I believe food is definitely an integral part of travel. While travelling, I always make it a point to try out the local cuisines. When it comes to food, Nagaland is a place worth exploring. Situated in the northeastern part of India bordering Myanmar, this hilly state is the home to almost 16 tribes and sub-tribes. But in this case, too many cook do not spoil the broth. Rather it brings forth a variety in the cuisine of the state.
While the food from the tribes may overlap, but each of them have a unique dish specifically known for them. And this is the world of Naga cuisine. Here, not only the ingredients, but also their pairing makes a huge difference in the taste of the food. I had first tasted Naga cuisine in an unlike place in Darjeeling. And then I fell in love with the taste. Meat forms an important part of the Naga cuisine. Chicken, pork, fish, mollusks, fermented food items, vegetables, rice are some of the major contributors of the delectable Naga cuisine.
Rice is their staple diet which they pair with vegetables and meat. The food cooked is simple and tasty with very less oil. And of course, there is the fiery hot chutney made with fermented fish or bamboo shoots or fermented soya beans. The red hot Naga chilies are the ubiquitous ingredient in these dishes. Pork and beef are their favourite meats. Pork with bamboo shoot happens to be one of my favourite Naga dishes. Fermented food plays an important part in Naga cuisines – be it bamboo shoots, fishes or fermented soya beans. The fermentation gives it a distinct taste and odour.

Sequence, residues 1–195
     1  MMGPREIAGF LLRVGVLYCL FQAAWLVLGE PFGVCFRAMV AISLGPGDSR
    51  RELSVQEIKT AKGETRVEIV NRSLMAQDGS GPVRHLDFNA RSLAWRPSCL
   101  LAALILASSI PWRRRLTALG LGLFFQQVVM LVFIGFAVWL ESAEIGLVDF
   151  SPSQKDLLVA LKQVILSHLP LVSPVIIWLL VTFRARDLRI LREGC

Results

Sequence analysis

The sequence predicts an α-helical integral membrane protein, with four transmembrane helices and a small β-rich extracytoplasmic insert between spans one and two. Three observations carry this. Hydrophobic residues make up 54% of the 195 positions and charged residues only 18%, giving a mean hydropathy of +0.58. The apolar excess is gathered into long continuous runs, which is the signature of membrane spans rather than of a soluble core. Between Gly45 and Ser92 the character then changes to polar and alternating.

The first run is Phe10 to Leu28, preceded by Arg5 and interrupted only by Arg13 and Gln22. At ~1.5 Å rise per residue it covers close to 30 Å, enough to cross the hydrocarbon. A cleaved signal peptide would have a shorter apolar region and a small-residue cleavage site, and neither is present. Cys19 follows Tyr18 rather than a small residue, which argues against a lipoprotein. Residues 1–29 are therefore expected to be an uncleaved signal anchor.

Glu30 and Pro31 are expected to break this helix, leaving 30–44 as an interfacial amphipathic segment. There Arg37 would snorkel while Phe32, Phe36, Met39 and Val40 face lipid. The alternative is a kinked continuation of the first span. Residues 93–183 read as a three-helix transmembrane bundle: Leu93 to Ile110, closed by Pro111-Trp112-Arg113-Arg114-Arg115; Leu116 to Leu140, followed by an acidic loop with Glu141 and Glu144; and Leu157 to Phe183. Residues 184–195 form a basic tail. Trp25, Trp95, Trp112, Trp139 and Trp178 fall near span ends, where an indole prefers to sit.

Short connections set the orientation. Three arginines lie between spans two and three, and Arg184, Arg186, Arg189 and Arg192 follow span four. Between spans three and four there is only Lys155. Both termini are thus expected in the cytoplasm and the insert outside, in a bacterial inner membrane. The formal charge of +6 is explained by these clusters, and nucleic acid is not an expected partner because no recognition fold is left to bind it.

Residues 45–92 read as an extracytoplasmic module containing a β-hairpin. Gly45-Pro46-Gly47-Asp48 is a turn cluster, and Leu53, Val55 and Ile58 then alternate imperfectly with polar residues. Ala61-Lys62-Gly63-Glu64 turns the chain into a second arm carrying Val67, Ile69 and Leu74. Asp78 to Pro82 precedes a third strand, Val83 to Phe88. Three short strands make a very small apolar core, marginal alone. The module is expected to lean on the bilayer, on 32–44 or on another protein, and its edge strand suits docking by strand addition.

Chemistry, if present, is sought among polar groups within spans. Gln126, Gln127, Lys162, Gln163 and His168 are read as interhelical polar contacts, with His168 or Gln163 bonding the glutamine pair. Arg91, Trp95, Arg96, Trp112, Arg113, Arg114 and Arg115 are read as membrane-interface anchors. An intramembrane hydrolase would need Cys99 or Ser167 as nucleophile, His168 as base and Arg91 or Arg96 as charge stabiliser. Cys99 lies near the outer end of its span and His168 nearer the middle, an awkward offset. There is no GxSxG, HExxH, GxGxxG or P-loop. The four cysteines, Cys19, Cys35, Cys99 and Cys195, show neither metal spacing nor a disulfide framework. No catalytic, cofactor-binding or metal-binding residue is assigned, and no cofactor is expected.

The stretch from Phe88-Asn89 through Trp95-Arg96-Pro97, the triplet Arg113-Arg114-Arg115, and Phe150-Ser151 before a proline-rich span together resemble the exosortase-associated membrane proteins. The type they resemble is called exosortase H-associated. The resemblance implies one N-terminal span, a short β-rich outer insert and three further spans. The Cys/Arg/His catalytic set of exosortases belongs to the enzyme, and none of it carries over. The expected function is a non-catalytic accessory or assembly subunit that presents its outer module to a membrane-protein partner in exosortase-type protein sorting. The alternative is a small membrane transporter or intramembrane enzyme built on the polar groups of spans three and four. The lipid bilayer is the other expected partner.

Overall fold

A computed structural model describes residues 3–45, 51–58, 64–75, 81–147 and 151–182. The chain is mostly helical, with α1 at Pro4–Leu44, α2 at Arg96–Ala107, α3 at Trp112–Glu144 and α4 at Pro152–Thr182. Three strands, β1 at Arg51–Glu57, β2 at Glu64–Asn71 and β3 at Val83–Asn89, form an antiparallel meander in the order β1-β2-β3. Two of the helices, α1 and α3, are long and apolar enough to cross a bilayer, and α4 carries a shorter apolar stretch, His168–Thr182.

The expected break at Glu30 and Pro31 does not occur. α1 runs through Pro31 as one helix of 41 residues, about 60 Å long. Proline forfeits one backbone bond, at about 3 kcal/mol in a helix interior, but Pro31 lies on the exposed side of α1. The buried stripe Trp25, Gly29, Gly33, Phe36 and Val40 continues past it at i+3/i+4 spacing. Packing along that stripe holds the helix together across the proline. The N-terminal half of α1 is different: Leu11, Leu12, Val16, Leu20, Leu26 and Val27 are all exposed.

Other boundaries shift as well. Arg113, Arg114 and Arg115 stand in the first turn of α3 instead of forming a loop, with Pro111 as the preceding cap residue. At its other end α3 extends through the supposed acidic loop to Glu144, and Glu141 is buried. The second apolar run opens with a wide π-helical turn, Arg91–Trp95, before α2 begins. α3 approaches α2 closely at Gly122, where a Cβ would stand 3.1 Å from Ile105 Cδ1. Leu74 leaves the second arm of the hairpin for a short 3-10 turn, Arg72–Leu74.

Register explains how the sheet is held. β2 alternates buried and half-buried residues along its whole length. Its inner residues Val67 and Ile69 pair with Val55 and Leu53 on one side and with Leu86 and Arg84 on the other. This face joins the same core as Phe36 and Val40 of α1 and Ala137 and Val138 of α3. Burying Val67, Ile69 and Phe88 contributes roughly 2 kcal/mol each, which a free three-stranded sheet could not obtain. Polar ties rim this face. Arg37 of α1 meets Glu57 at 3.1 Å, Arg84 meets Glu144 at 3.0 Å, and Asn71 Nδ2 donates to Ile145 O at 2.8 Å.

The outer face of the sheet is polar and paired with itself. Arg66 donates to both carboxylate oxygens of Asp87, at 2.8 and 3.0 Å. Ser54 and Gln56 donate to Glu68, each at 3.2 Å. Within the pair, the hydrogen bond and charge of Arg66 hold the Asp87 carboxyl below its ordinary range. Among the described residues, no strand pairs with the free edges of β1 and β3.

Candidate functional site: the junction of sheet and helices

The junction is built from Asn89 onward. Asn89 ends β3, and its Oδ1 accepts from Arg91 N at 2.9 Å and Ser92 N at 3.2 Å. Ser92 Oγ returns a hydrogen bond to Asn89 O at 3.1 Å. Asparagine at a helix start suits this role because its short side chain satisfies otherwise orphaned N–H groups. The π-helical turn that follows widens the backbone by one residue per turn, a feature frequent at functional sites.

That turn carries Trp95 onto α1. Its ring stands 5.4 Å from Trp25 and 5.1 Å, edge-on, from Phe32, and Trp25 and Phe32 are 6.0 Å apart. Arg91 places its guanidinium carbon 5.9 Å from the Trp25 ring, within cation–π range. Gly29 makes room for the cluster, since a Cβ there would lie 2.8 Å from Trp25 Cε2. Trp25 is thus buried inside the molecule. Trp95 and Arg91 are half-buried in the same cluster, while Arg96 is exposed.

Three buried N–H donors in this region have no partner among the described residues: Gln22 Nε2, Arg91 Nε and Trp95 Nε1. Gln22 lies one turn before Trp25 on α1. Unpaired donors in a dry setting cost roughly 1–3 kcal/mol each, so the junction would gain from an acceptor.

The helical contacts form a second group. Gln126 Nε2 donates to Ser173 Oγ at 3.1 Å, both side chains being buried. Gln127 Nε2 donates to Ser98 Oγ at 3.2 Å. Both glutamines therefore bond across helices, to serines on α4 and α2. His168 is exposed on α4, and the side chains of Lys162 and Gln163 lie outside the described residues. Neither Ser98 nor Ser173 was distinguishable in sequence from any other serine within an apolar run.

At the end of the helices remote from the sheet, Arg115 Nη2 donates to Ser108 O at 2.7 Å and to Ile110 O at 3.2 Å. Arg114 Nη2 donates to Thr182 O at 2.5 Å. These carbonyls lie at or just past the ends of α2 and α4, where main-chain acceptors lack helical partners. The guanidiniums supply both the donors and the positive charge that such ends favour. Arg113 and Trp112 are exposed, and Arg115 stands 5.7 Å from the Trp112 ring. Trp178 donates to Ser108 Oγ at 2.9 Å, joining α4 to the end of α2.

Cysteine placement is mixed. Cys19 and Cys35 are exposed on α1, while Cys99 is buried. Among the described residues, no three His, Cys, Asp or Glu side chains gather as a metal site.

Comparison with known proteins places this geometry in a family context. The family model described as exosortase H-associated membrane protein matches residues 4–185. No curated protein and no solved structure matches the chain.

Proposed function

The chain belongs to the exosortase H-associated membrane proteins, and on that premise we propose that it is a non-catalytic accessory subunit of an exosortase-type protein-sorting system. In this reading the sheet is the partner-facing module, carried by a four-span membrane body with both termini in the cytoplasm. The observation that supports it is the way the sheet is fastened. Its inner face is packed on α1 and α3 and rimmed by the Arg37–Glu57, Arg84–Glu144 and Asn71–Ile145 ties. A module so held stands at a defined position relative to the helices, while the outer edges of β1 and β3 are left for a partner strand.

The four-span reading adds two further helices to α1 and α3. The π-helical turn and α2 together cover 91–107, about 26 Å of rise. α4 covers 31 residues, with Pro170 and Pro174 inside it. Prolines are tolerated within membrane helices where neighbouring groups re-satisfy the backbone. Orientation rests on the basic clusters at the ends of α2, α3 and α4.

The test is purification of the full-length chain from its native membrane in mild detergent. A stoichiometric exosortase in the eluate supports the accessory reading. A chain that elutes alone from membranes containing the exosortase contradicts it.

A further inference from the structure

The Naga cuisine is usually spicy. The food is also quite bland, in the sense that not many spices are used to cook the food. The blandness of the food is juxtaposed by adding the red hot ghost chili of Nagaland that is also known as the Raja Chili. The chili is extremely hot, and it is added to the food to give it an extra zing. I had once mistakenly eaten a whole Naga chilli and was left asking for water the rest of the day!